After studying at the Architectural Association in London, and at Cornell and the Institute for Architecture and Urban Studies in the US, Koolhaas wrote Delirious New York (1978) and simultaneously began producing projects and proposals with OMA. In 1995, S,M,L,XL summarized the work of OMA in a 1,200-page book that redefined architectural publishing. As director of the Project on the City research program at Harvard University, Koolhaas produced the books The Harvard Guide to Shopping (2001), an analysis of the role of retail and consumption in society and architecture, and Great Leap Forward(2002), a study of China’s Pearl River Delta; he also produced studies on Lagos, Roman architecture and communism.
Recently completed OMA buildings include De Rotterdam, three interconnected towers on the river Maas; Shenzhen Stock Exchange; the G-Star headquarters in Amsterdam; the new headquarters for China Central Television (CCTV) – a tower reinvented as a loop – in Beijing; a new headquarters for Rothschild Bank in London; and Milstein Hall, an elevated slab that extends Cornell’s college of Architecture, Art and Planning.
OMA-designed buildings currently under construction include the Taipei Performing Arts Centre; three buildings in Doha, Qatar; the Bibliothèque Multimédia à Vocation Régionale, a four-story public library in Caen; and Bryghusprojektet in Copenhagen, a mixed-use project accommodating the new headquarters for the Danish Architecture Centre.
In 1998, Koolhaas established AMO as a platform for using architectural thinking in non-architectural realms. Recent AMO projects include research into the countryside (globally) and the Russian hinterland; the design of catwalk shows for Prada and Miu Miu; “Cronocaos,” an exhibition on preservation, at the 2010 Venice Biennale; participation in the EU Reflection Group think tank, with the task of making proposals for Europe in 2020; Roadmap 2050, a masterplan for a Europe-wide renewable energy grid; and the development of an educational program for Strelka, a new architecture school in Moscow. AMO has also guest edited an issue of Wired magazine as well as consulting on the future of Conde Nast magazines; proposed a “barcode” EU flag; and developed a curatorial masterplan for the Hermitage museum, St. Petersburg.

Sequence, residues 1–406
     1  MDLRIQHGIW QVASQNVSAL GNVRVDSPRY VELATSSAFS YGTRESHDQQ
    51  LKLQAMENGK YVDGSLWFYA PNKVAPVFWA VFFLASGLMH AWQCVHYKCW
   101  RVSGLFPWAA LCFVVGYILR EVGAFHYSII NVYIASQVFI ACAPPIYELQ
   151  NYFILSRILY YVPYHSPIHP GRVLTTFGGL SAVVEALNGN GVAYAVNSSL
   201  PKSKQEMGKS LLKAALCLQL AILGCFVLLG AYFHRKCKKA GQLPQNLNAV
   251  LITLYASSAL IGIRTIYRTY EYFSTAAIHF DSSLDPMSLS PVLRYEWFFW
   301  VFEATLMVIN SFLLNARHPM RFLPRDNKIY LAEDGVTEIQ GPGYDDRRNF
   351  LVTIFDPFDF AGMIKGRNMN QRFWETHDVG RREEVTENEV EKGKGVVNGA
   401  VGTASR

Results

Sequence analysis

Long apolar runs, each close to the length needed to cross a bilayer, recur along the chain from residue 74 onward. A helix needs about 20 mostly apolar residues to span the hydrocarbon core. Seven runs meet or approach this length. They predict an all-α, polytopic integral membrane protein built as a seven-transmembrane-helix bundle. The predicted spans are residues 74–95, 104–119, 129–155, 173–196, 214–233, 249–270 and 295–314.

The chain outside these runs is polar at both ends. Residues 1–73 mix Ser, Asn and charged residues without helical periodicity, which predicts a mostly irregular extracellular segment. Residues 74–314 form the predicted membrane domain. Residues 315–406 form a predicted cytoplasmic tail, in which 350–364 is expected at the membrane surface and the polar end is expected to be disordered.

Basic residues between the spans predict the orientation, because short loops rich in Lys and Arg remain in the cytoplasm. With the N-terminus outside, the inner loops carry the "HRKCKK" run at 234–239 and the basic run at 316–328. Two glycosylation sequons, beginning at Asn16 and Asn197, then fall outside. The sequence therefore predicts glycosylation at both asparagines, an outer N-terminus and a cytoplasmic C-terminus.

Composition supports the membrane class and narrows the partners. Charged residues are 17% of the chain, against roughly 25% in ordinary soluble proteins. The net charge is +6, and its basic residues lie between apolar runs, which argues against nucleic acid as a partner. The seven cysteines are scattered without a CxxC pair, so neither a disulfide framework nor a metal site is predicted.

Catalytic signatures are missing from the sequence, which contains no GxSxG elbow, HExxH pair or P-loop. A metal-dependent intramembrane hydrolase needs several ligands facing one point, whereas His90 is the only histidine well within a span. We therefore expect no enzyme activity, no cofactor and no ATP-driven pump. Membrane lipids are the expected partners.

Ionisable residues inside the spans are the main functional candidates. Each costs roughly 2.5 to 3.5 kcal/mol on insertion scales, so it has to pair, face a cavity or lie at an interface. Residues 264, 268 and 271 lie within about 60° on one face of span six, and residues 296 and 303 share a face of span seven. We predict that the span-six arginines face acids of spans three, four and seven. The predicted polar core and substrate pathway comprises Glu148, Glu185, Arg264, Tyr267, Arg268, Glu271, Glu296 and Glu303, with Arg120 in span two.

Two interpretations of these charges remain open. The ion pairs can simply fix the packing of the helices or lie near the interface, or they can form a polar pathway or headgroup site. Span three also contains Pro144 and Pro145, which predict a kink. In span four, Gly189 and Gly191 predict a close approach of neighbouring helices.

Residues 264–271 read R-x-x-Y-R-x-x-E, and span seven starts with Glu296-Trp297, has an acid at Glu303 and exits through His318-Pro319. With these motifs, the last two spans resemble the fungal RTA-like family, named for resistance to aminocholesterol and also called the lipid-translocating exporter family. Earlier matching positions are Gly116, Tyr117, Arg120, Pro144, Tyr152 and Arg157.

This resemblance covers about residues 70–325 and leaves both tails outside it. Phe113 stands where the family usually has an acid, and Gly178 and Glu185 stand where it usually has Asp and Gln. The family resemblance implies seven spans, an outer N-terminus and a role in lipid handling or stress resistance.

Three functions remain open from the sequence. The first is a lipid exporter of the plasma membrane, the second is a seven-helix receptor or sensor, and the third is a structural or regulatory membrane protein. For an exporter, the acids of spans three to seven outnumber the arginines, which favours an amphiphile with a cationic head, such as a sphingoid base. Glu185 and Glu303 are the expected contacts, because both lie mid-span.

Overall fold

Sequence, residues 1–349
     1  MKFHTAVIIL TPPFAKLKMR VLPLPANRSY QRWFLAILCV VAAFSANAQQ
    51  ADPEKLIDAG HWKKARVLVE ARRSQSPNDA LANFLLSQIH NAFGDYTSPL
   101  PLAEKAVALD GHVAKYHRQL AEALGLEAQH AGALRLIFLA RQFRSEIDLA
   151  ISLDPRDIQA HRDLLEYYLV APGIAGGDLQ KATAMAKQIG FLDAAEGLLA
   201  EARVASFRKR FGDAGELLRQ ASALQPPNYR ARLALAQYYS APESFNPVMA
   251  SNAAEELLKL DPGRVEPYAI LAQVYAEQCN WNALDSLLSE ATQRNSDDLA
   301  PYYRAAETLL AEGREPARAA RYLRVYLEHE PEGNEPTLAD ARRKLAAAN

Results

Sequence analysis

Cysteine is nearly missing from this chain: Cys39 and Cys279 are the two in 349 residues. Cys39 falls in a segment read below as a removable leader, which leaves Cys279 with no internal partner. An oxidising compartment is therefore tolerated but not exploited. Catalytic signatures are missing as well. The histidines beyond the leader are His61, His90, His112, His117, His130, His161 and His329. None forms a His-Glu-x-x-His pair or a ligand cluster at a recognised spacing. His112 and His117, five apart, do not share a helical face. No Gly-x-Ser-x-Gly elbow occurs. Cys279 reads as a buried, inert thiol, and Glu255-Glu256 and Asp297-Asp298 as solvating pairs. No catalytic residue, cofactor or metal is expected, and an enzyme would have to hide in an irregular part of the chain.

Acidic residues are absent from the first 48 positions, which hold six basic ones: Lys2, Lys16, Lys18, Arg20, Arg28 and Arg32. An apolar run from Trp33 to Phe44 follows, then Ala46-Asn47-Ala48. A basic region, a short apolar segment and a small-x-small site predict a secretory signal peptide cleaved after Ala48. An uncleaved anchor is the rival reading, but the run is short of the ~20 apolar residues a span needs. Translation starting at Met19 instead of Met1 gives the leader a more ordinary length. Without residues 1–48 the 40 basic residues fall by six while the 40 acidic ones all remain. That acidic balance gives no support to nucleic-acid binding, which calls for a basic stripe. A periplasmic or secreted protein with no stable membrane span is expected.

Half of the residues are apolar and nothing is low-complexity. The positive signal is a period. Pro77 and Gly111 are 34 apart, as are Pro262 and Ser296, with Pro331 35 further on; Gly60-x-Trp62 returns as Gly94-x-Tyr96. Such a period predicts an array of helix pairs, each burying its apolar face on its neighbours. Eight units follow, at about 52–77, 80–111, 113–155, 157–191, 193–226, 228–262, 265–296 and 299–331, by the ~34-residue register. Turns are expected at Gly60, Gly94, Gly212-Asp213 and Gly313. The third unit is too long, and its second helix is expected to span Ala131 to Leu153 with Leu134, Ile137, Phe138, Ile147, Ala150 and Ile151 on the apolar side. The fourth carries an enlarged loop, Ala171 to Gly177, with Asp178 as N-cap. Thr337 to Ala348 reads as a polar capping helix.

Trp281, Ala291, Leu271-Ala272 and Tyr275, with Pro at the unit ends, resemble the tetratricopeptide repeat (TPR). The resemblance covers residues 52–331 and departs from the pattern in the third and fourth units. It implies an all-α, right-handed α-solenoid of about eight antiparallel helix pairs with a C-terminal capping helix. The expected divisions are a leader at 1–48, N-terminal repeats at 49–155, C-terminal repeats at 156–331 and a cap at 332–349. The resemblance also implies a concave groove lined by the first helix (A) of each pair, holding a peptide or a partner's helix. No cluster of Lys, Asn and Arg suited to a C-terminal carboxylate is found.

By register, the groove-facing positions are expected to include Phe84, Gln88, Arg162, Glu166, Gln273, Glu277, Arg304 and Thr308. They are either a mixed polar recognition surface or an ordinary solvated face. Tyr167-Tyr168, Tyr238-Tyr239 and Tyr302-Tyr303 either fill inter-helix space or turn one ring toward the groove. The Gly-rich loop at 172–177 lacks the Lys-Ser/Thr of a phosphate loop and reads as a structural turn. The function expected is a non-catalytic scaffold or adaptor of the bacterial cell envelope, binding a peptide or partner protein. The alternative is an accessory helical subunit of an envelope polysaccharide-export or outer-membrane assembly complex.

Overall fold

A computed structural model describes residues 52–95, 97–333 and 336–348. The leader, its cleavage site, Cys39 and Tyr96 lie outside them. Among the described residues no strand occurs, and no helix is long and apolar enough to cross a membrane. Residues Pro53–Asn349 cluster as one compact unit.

De Rotterdam, Rotterdam, 2013
CCTV Headquarters, Beijing, 2012
Rothschild Bank, London, 2012
Millstein Hall, Cornell, NY, 2010
Maggie’s Center, Gartnavel, 2010
Wyly Theatre, Dallas, 2009
Prada Transformer, Seoul, 2009
Serpentine pavilion, London, 2006
Zeche Zollverein Museum and masterplan, Essen, 2006
Seoul National University Museum of Art, 2006
Casa da Música, Porto, 2005
Prada Epicenter, New York, 2001
Seattle Central Library, 2004
Netherlands Embassy, Berlin, 2003
IIT Campus Center, Chicago, 2003
Hermitage Guggenheim, Las Vegas, 2001
Maison à Bordeaux, 1998
Educatorium, Utrecht, 1997
Euralille Congrexpo + masterplan, 1994
Kunsthal, Rotterdam, 1992
Nexus World Housing, Fukuoka, 1991
Villa d’allava, Paris, 1991
Netherlands Dance Theatre, The Hague, 1987
Project Japan: Metabolism Talks, Taschen, 2011
Al Manakh I and II, Archis, 2007 and 2010
Content, Taschen, 2003
Great Leap Forward, Taschen, 2002
Harvard Guide to Shopping, Taschen 2001
S,M,L,XL, Monacelli, 1995
Delirious New York, Oxford University Press, 1978
(Im)pure, (In)formal, (Un)built, L’Ecole des Beaux-Arts, Paris, 2011
OMA/Progress, Barbican, London, 2010
Cronocaos, Venice Biennale, 2010
Dubai Next, Vitra Design Museum, Weil am Rhein, 2008
The Gulf, Venice Biennale, 2006
OMA in Beijing, MoMA, New York, 2006
Expansion and Neglect, Venice Biennale, 2005
Image of Europe: Vienna, Brussels, Munich, 2004
Content, Neue Nationalgalerie, Berlin, 2003
Cities on the Move, Hayward Gallery, London, 1999
Less is More, Milan Triennale, 1986
Strada Novissima, Venice Biennale, 1980
Strelka Institute, Moscow
Professor in Practice of Architecture and Urban Design, Harvard University
Architectural Association, London
Institute for Architecture and Urban Studies, New York
Johannes Vermeer Prijs, 2013
Golden Lion for Lifetime Achievement, Venice Biennale, 2010
RIBA Gold Medal, 2004
Praemium Imperiale, Japan, 2003
Membership Legion D’Honneur, 2001
Pritzker Prize, 2000
Mies van der Rohe Award, 2005
Architectural Association, London, 1969–72
Cornell University, 1972–73